Saturday, April 16, 2016

Fox Leads All News Outlets In On-Air Lies By Pundits

This is very depressing. Our news outlets are supposed to be telling us the truth. How can a democracy survive when those news outlets can't be trusted?

The chart above was made from the results of PolitiFact checking the truth of claims made on-air by the pundits they invite to pontificate (and usually allow them to comment without correcting any lies they tell).

The king network for falsehoods is still Fox News. About 60% of the claims made by pundits in their broadcasts are lies. This doesn't surprise me. They really aren't a news organization at all. They are a propaganda machine designed to further the aims of the right-wing and the Republicans Party (neither of which minds telling a lie to get what they want).

The real disappointment is among the other networks, who allow far too much false information to go unchecked on the airwaves. For NBC and MSNBC, the percentage of falsehoods is about 46%. On ABC and CBS, the percentage is about 34%. CNN is the leader in broadcasting the fewest lies -- about 18%.

That's too much. Even CNN, who broadcast the fewest lies, could be doing much better. Why don't they? Can you imagine such newsmen as Edward Murrow or Walter Cronkite putting up with this level of false reporting?

It is because the networks, all of them, are now corporate-owned entities -- dedicated to making money rather than reporting the news. In the past, a network would allow its news division to lose money -- and they would make up the loss in their entertainment division. They did this because they thought the reporting of the news (the truth) was an important function of broadcasting services. That is not true anymore. Now news must take second -lace to making money (and reporting the corporate view of the news).

We should all be worried about this -- at least those of us who treasure our democracy. An educated public is necessary to the survival of a democracy -- and our news outlets, who should be telling us the truth, are instead failing to correctly inform us. They should be ashamed -- and we should be ashamed for allowing it to continue.

1 comment:

  1. This is the sort of comment that can drive me cross-eyed. Admittedly, this is one time I didn't check the original article, but even given the accuracy of it -- and how many lies on MSNBC come from a Republican being interviewed? -- I can give an equally long comment, focusing on the changes in the CHICAGO TRIBUNE and NY DAILY news after the McCormick family lost control and it went public, or the changes in the Hearst papers, or the LA paper (Times?) that the Chalmers family lost control of with a new generation. Or even FOX since Murdoch has been taking less of an active hand, though that also involves the Trump factor. And if CNN is more 'honest' it still is far from the force, or the quality that it was under Turner.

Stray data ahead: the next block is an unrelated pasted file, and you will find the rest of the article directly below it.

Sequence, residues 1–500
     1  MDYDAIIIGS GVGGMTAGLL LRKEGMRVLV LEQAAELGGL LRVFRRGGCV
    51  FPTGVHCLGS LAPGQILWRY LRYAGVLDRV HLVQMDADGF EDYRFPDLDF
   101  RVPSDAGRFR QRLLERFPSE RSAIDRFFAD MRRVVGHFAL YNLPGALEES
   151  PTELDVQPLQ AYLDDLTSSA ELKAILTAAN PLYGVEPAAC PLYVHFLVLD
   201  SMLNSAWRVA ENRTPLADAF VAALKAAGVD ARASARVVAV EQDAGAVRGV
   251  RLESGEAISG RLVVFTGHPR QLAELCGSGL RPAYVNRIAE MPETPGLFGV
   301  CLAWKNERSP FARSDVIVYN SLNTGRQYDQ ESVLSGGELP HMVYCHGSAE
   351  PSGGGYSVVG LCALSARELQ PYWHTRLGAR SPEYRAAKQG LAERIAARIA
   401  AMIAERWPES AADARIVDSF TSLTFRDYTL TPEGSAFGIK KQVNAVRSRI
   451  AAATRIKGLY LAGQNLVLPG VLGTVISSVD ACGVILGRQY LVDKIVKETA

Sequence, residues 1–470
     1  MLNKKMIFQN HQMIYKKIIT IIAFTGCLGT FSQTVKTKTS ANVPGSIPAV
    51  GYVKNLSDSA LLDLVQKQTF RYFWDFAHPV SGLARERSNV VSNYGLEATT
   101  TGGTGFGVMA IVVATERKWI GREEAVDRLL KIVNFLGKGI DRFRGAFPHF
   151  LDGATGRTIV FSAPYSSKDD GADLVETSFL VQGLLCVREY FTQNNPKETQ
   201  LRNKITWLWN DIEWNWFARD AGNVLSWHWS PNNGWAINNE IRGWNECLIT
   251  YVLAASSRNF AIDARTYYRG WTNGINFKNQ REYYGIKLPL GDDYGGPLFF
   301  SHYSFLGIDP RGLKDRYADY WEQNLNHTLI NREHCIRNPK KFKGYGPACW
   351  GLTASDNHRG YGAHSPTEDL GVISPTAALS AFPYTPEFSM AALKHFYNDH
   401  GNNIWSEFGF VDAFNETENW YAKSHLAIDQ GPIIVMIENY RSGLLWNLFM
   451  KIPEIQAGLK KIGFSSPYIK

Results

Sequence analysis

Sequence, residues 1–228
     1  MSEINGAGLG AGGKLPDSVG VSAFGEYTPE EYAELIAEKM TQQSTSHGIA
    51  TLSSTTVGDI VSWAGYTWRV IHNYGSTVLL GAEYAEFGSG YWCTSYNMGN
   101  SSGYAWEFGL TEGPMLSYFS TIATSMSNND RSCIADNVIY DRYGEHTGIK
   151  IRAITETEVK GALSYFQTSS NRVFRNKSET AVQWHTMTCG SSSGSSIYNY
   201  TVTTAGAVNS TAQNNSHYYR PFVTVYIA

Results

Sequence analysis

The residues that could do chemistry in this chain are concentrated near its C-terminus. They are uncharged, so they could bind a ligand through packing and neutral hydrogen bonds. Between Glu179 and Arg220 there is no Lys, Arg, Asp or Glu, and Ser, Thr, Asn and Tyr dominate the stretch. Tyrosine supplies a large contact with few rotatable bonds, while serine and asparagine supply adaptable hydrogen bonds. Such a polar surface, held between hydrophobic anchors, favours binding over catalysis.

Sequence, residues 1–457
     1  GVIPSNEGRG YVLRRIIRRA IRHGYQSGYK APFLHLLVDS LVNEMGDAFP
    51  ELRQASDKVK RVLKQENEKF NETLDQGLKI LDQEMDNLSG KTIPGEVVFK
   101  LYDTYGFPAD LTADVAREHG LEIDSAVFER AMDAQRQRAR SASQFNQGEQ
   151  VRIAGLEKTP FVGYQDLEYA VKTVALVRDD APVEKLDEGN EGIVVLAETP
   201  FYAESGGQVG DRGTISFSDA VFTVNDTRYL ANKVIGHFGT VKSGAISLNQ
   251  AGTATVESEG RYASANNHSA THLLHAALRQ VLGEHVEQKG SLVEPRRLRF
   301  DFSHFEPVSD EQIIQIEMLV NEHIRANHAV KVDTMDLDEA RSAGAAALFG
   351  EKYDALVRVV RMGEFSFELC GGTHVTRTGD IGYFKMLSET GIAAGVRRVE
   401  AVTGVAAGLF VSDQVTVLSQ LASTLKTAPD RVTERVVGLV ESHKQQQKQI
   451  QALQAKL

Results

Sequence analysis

It's not just the fact these outlets have become 'corporations' since they always were. The change has been that they have become publicly-held corporations. The rules are different, and should be, and this is relevant to any sort of discussion of 'corporate power.'
    The owners of a private or family-held corporation can do just about anything legal with the business, because it is their money they are risking. The owners of CBS could decide to go after McCarthy, because they would 'take the hit' --- and even then Murrow and Friendly had to pay for their own advertising of the show and couldn't use the CBS logo. At the same time, that Mellon heir (Scaife?) in Pittsburgh can run a scurrilous right-wing rag which he knows will lose money just to publicize his own obnoxious views.
    When a mews institution -- or any corporation -- 'goes public' it is no longer risking its own money, but the shareholders', and the rules are different. The board of directors are under a legal requirement to 'increase the value of the corporation' and thus the value of the shareholders' investments. And they have no more right to avoid that than Kim Davis had to avoid giving SSM licenses, or the Senate has of refusing to hold hearings on Garland. They can be -- and yes, have been -- fined for failing to live up to that obligation.
    Fortunately, the definition of 'value of the corporation' includes more than the stock price -- though more and more conservatives are leaning on this definition -- and includes things such aas 'reputation,' 'good will,' 'community relations' and the like, and gives the directors considerable leeway to use theur judgment. If not, corporations would have problems giving charitable OR political contributions, joining in something like the NC boycott, or providing a liberal slant to their news when, arguably, conservatism would be more profitable.
    It is true that many news corporations have tended towars blandness when they went public, but I'd like to study some of the surprisingly good local papers I keep coming across to see if their excellence comes from private ownership, or simply from good judgment from their boards.


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